Metro Weekly

Out On the Town: D.C. Arts & Entertainment picks, December 14-20

Film, Stage, Music, Dance, Comedy, Readings, Food, and Holiday Offerings!

Gay Men’s Chorus of Washington DC: The Holiday Show



Craig Wallace returns as the miserly Ebenezer Scrooge in Ford’s Theatre’s production of Dickens’ Yuletide classic. The music-infused adaptation was originally conceived by Michael Baron. To Dec. 31. Ford’s Theatre, 511 10th St. NW. Call 800-982-2787 or visit


Guillotine Theatre has had hit after hit with Halloween productions in a cemetery in Alexandria. So they thought, why not stage a Christmas in the Crypt show? Actors from the company read a mixture of poems, short stories, and reminiscences including Yes, Virginia, There is a Santa Claus, a selection from A Tree Grows in Brooklyn, and A Visit from St. Nicholas, with works by Langston Hughes, John Julius Norwich, Frank O’Connor, Lillian Smith, Moss Hart, Frederick Douglass, U.A. Fanthorpe, and William Shakespeare also represented. Saturday, Dec. 16, at 2 p.m. The Receiving Vault of Ivy Hill Cemetery, 2823 King St. Alexandria. Requested donation of $10. Call 703-549-7413 or visit


For the sixth year in a row, Keegan Theatre offers company member Matthew Keenan’s homage to Dickens, albeit with biting Irish humor and incisive candor. Mark A. Rhea directs a cast featuring himself plus Kevin Adams, Josh Sticklin, Timothy Lynch, Mike Kozemchak, Christian Montgomery, Caroline Dubberly, and Daniel Lyons. Opens Thursday, Dec. 14, at 8 p.m. Runs to Dec. 31. Keegan Theatre, 1742 Church St. NW. Tickets are $35 to $45. Call 202-265-3768 or visit


Blending the sexy and playful with the sweet and sentimental, the holiday show is one of the chorus’s most popular. In addition to the standard seasonal and sensational offerings, the concert features performances by the ensembles Potomac Fever and Rock Creek Singers, as well as the LGBT youth choir GenOUT. This year’s offering incorporates stories of holiday memories and growing up gay, as told by several members, part of a season-long push to personalize the 200-strong chorus. “In a time when our social discourse can seem toxic,” artistic director Thea Kano says, “it is vital that we share our stories and remind everyone that there is far more that unites us than divides us.” Saturday, Dec. 16, at 3 and 8 p.m., and Sunday, Dec. 17, at 3 p.m. Lincoln Theatre, 1215 U St. NW. Tickets are $25 to $65. Call 202-328-6000 or visit


Now in its fourth year, this light art exhibition presented by the Georgetown Business Improvement District features eight displays by multidisciplinary artists. Billed as a way to “re-imagine the season of light,” the works, curated by Deirdre Ehlen MacWilliams, offer a high-tech modern contrast with the surroundings of D.C.’s oldest neighborhood. The installations, many of them in collaboration with Light Art Collection and the Amsterdam Light Festival, are: Aqueous by Jen Lewin of New York, an interactive, walkable landscape of meandering pathways in Georgetown Waterfront Park; Horizontal Interference by Joachim Sługocki and Katarzyna Malejka from Poland, a colorful cord structure connecting trees and light poles in Washington Harbour; Open Lounge by Géraud Périole, with 20 handcrafted chandeliers made of acrylic, plastic and rope hanging in Cady’s Alley; Bands of Friendship by Vikas Patil & Santosh Gujar of India, nine rings inspired by Indian color schematics positioned outside Dean & Deluca; Light Cloud by Ted Bazydlo & Brandon Newcomer of D.C., a digitally fabricated dynamic sculpture that responds to the surrounding environment and local activity in the Hok Courtyard; My Light Is Your Light by Alaa Minawi of Lebanon, a neon group sculpture for the displaced located outside Grace Church; Glow Structural Remix by Robin Bell of D.C., a 15-minute looped video of historic imagery with holiday colors and shapes harkening the activities of the once bustling Old Georgetown Theater; The Neighbors by OmbréLumen – Arthur Gallice & Herve Orgeas, four figures made of LED bent wires to create a clan of glowing people along Wisconsin Avenue; and LSM Presents, three video works by LSM Architects Quayola, Casey Reas, and Sara Ludy and projected in the company’s atrium. Additionally, Philips Color Kinetics has lit the smokestack at the Ritz-Carlton Georgetown and the C&O Canal bridge at Georgetown Park, and MHF Productions has strung white lights on nearly all the buildings radiating out from the main intersection of Wisconsin Avenue and M Street NW. Now through Jan. 7, every night from 5 to 10 p.m. Visit for more information, including a free Curator’s Audio Tour set to music.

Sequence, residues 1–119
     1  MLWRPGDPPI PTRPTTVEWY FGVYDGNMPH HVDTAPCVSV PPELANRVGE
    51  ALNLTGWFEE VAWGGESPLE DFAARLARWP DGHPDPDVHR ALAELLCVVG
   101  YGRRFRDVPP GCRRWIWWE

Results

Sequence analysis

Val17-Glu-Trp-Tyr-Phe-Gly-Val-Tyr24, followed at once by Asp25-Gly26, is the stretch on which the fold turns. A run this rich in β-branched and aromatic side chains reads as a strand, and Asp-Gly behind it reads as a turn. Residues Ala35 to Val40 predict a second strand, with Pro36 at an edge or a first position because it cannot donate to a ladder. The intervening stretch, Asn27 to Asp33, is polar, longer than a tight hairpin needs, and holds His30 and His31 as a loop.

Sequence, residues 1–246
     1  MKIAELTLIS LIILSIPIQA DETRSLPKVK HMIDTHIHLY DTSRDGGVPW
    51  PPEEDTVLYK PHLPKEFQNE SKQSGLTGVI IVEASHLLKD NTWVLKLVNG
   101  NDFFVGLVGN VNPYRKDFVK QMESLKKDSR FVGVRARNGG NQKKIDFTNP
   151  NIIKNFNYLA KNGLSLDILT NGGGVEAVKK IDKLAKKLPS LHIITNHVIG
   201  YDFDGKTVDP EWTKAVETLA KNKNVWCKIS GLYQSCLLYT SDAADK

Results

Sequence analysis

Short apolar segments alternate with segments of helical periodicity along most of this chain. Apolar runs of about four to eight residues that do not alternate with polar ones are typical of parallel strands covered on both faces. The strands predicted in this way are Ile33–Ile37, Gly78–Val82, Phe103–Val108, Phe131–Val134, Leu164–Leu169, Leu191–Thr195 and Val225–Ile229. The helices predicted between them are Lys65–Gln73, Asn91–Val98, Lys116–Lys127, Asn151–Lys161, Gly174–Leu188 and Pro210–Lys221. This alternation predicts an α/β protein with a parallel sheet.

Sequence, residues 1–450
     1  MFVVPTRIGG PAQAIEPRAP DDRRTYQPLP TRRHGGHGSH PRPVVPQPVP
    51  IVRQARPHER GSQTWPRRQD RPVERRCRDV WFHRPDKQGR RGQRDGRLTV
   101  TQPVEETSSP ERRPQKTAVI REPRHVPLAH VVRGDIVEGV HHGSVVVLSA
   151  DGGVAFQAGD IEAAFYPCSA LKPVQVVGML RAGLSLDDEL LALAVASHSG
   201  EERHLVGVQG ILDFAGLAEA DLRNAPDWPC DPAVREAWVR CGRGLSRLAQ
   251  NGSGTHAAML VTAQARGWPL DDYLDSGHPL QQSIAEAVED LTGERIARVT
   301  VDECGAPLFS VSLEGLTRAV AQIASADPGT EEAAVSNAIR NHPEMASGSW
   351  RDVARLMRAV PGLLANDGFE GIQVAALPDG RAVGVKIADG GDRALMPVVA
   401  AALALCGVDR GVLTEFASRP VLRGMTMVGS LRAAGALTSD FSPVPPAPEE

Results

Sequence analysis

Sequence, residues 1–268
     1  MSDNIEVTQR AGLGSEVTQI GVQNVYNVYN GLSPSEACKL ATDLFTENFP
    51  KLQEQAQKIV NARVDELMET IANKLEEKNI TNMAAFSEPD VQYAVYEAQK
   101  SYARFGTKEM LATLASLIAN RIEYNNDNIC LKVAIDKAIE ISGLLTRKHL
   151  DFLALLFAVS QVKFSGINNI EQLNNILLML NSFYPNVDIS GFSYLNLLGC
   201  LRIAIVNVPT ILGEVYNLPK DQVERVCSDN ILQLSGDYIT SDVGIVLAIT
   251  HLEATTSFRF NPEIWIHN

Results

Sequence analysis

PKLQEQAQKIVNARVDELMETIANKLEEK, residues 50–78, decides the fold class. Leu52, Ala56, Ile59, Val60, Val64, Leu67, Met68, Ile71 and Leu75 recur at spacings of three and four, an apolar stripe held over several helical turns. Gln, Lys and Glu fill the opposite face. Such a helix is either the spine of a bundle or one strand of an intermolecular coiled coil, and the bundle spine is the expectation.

Regie Cabico and Don Mike Mendoza’s La-Ti-Do features higher-quality singing than most karaoke, often from local musical theater actors performing on their night off, and also includes spoken-word poetry and comedy. Mendoza and Anya Randall Nebel host the last of two annual holiday cabarets with guest performers, which also doubles as the 2017 Closing Party. The guests at this mammoth, three-hour long show include the cast of Forever Soulful and performers Michelle Moses-Eisenstein, Larry Grey, Alexandra Levensen, Michael Sandoval, Tara Trinity, Joseph Benitez, Angeleaza Anderson, Rebecca Ballinger, Sarah D. Lawson, Kay Kerimian, Stephen Yednock, Shane Conrad, Rachel Levitin, Meg Nemeth, and Alex Olesker. Taylor Rambo accompanies. Monday, Dec. 18, at 7 p.m. Bistro Bistro, 1727 Connecticut Ave. NW. Tickets are $15, or $10 if you eat dinner at the restaurant beforehand. Call 202-328-1640 or visit


Over the next two weekends, the recently renovated Miracle Theatre in the Barracks Row section of Capitol Hill screens several holiday-themed favorites. The lineup includes: the James Stewart signature It’s A Wonderful Life on Friday, Dec. 15, at 6:45 p.m., Sunday, Dec. 17, at 3:30 p.m., and Saturday, Dec. 23, at 8 p.m.; Robert Zemeckis’ animated The Polar Express starring Tom Hanks on Saturday Dec. 16 at 11 a.m., and Friday, Dec. 22, at 3:30 p.m.; and an early Christmas classic, White Christmas starring Bing Crosby, Danny Kaye, and Rosemary Clooney, on Friday, Dec. 22, at 6 p.m. Tickets are $6 to $8. 535 8th St. SE. Call 202-400-3210 or visit